The Caregiver Space article, December 7, 2020, “Moving Forward After Caregiving Ends” by Harriet Hodgson, focuses on the same topic.
For over 23 years, Harriet cared for three generations of family members in one form or another. Saying caregiving was “woven into every thread” of her life, she explains why she, as a health and wellness author, changed the focus of her writing to books for family caregivers.
Harriet also explains that she writes to learn and figure things out. In her article she compiles a list showing her thought process after her beloved husband died, November 2020. See: Moving Forward After Caregiving Ends | The Caregiver Space
After completing her exercise, Harriet sums it up like this: “When caregiving ends, we need to give ourselves time to get our bearings. We need to give ourselves time to recover from shock. We need to give ourselves time to identify our feelings. We need to give ourselves time to plan a new life. We need to give ourselves time for renewal. Most importantly, we need to believe in ourselves. Love will guide us and lead the way.”
Because I have often noted that when caregiving responsibilities end there is a common reaction of, “What now?” So, in preparation for writing a new chapter for the 2nd Edition of What to Do about Mama? I asked the following question of post-caregivers: “When your caregiving ended, what was your initial reaction; and what did you do to move on?” Here are some of the responses:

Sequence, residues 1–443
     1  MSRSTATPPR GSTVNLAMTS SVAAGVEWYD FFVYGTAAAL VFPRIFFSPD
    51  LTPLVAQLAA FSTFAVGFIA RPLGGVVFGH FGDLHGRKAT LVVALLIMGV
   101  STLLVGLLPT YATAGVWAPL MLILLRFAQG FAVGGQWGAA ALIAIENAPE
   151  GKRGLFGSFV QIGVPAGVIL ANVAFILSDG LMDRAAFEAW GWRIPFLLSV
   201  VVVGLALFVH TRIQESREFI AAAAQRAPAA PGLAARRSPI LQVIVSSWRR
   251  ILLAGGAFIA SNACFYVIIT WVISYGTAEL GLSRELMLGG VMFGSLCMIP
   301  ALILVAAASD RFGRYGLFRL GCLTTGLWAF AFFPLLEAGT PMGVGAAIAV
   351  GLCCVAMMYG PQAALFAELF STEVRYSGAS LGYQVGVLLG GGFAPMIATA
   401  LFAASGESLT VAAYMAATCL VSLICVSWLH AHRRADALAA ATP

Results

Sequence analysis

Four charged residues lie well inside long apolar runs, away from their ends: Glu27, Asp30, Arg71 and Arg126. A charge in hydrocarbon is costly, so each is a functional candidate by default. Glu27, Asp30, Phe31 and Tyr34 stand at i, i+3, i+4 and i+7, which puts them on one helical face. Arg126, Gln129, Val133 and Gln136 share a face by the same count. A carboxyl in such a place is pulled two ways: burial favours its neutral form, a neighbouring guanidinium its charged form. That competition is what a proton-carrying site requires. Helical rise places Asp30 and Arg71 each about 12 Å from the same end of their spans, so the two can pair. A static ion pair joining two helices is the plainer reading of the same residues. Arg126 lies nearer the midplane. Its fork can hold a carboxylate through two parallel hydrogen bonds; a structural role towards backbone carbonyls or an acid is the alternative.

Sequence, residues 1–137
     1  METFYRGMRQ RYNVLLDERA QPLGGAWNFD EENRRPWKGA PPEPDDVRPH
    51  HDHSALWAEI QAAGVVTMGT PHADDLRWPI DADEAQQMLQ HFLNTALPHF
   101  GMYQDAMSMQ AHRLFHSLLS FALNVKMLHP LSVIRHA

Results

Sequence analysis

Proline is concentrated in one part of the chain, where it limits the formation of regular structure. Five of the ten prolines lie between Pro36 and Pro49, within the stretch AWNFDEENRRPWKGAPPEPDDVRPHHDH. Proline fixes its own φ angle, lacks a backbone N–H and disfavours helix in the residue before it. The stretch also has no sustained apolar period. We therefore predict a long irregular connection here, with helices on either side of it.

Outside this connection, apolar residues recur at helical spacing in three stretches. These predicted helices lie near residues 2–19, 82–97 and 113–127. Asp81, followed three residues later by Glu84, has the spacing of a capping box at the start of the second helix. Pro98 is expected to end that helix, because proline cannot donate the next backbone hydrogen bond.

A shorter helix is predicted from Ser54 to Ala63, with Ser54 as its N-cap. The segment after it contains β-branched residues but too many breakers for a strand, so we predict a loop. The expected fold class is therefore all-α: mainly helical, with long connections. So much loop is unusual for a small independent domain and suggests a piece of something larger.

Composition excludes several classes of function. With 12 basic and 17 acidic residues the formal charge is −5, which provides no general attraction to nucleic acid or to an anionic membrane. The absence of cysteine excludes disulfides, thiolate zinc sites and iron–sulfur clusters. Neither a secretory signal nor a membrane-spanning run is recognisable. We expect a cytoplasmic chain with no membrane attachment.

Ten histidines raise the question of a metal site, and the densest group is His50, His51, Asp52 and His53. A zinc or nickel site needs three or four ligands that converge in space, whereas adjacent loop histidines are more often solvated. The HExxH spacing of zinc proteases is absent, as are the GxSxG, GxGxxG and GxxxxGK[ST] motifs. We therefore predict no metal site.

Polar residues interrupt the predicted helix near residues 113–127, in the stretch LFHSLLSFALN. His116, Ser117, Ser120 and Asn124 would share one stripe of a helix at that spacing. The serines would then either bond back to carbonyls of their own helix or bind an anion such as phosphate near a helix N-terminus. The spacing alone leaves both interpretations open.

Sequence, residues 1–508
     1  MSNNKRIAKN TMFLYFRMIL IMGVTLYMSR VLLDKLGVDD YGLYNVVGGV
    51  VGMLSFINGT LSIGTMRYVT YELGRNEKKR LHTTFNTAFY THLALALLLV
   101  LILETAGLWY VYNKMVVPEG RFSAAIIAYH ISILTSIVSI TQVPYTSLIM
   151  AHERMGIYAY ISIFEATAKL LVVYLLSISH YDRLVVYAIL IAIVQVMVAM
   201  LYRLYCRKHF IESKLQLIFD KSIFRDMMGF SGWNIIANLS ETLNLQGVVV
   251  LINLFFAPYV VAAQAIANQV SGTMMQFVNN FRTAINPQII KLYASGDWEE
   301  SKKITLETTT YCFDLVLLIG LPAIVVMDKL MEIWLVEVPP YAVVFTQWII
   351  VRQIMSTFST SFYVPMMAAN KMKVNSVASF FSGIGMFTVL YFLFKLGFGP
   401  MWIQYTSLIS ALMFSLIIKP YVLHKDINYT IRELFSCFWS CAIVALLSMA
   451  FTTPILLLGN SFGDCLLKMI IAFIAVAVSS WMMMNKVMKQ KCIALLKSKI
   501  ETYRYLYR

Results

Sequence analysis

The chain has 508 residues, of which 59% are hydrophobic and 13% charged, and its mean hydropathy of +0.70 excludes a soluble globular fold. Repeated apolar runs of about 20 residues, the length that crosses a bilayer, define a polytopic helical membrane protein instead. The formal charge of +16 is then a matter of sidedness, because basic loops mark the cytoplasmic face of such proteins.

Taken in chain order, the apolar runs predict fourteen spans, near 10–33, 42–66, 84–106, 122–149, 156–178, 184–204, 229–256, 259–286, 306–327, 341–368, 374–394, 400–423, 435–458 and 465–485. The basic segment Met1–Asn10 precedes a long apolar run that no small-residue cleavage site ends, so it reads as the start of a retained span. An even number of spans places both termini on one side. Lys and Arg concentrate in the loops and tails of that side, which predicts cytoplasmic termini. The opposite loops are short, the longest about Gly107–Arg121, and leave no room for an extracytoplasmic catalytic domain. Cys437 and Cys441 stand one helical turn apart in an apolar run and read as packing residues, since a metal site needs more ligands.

I found myself with a void to fill—a process that just started to evolve naturally. I began to look for things to do, and now I look back and am amazed that I was able to spend so much time with my dad. Amelia p. 276
Initially, after my mother passed away and my caregiving ended, I felt an overwhelming amount of emotion and logistics to sort through. Once that was settled, though, it was just one day at a time, going through the motions until eventually the motions didn’t feel like such an effort anymore. It is fortunate, I suppose, that as a parent of young children, there is not much choice about moving on. Jenna p. 280
When my mother passed away, I felt lost. It was like losing a child. I felt unneeded—like I had lost a lot of my importance and purpose in life. Caregiving took up a large percent of my day, and suddenly having so much time on my hands was a difficult adjustment for me. Ellen p. 282
Due to therapy, I started writing on a daily basis, which is a major help. I am happy to have had productions of my work all over the world. My most recent work is about, you guessed it, caregiving! Jeanette p. 285
Surprisingly, I have moved on with great peace. I know that I did my best, given the circumstances. June p. 286
At first, I was relieved her suffering was over, and I had a lot less stress. That was short lived, though, as I quickly missed the intimacy of caring for her. I missed her terribly. I started a support group for brain cancer patients and caregivers. I named it after and dedicated it to my wife. Curt p. 287
When she passed, I felt guilt that maybe I hadn’t done enough; that I hadn’t given her enough hugs and reassurances; that I could have helped her more. Though I was relieved on one level, I had a lot more haunting thoughts going through my head over her death. Judene p. 288
Post-caregiving, I found the best help in hospice counseling. After Dad passed away, my husband and I had to recreate a social life. It’s certainly an adjustment to have so much free time. It’s a version of empty nest syndrome, but this time with the added ingredient of grief. My advice? Get out and enjoy your new-found freedom. Marianne p. 290